At one minute past midnight, on Sunday, May 5, Francis Maude, Minister for the Cabinet Office, introduced a policy that will hopefully bring about a much-needed change in public sector ICT.

After much speculation and many pleas for the UK government to take a leaf out of its U.S. counterpart’s book, a “Cloud First” strategy has finally been mandated for UK central government departments. In the announcement issued to the press, Maude insists that “the formal introduction of a Cloud First policy will drive wider adoption of cloud computing in the public sector, boosting business—and furthering savings and efficiencies—through the Government CloudStore, which is a quicker, cheaper, more competitive way for the public sector to buy IT…In the future, when procuring new or existing services, public sector organizations should consider and fully evaluate potential cloud solutions first—before they consider any other option. This approach is mandated to central government and strongly recommended to the wider public sector.”

Next-generation technology for the government

The Cloud First strategy could not have come a moment too soon. The very real fear was, without such a mandate, the UK would be left behind when it comes to global cloud adoption. While it’s fantastic that the CloudStore seems to be gaining momentum, hitting sales of $28.3 million (£18.2 million) and a record month in March, there’s a lot more to be done. This is a fraction of the estimated $28 billion (£18 billion) that UK government spends on technology. Pushing cloud first from the top down will help ensure the UK doesn’t lag behind when it comes to accelerating cloud adoption in the public sector.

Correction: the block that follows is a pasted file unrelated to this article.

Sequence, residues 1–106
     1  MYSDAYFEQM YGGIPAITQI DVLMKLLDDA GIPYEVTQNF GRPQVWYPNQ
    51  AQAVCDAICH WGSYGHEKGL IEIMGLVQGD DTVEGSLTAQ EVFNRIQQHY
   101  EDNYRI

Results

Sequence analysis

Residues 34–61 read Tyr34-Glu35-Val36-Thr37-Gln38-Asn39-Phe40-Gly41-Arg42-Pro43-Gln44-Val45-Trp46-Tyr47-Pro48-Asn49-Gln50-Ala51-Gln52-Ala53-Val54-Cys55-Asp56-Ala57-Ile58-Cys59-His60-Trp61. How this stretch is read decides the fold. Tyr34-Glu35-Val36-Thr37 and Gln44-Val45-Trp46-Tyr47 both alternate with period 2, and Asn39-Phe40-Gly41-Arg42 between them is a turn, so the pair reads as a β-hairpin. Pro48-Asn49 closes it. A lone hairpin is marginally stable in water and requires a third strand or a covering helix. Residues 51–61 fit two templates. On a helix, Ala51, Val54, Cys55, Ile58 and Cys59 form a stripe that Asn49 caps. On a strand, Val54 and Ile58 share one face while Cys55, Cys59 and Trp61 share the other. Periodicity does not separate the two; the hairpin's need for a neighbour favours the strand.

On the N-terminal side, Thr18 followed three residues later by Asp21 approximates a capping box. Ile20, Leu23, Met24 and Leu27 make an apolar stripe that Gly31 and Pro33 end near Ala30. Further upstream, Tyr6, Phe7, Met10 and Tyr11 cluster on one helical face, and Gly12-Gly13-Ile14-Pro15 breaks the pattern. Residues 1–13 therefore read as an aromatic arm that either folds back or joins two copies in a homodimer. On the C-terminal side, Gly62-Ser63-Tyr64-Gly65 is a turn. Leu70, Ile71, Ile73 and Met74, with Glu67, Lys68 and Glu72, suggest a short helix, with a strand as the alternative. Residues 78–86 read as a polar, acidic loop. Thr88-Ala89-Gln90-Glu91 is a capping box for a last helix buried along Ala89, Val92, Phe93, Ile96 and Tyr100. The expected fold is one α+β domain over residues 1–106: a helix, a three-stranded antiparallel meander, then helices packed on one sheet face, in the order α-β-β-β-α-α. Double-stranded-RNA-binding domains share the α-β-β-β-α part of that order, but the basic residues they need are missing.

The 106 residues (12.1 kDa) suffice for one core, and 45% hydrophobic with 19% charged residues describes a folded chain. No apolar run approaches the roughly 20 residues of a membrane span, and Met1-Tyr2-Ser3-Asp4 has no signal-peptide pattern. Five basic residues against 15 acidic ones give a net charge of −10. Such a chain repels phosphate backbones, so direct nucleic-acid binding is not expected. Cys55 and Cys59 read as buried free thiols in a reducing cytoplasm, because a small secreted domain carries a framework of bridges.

But what I would like to see in the future is this Cloud First mandate expanded to cover all public sector organizations. It’s also important that the government stays focused on a small number of highly specialized true cloud services that have strived to bring cloud benefits—agility, scalability, flexibility, and efficiency—to the public sector from the start. Widening the G-Cloud’s remit could result in fragmentation, stifle innovation, and prompt government bodies to shun true cloud services. If you give people the option to select large integrators and suppliers, the danger is they’ll simply revert to what they know.

Pushing down the field towards the future

So, while the government has achieved the first of the three goals I wanted to see hit over the next 12 months with their Cloud First strategy, I would still like to see a culture shift in the government within the Government Procurement Service (GPS). With the launch of the third iteration of the G-Cloud Framework, there is a real opportunity to turn away from the tech goliaths and integrators that have dominated public sector IT and look at new and innovative technologies to solve the issues they’re facing and reduce costs. This shift in attitude will not just benefit public sector organizations, but also the taxpayer.

What’s more, let’s not forget the original sentiments of the G-Cloud. One of the aims of G-Cloud is to “level the playing field” and provide government access to all the benefits that true cloud services bring. It’s no coincidence that Huddle is used by 80% of central UK government departments and numerous local council and NHS organizations nationwide.

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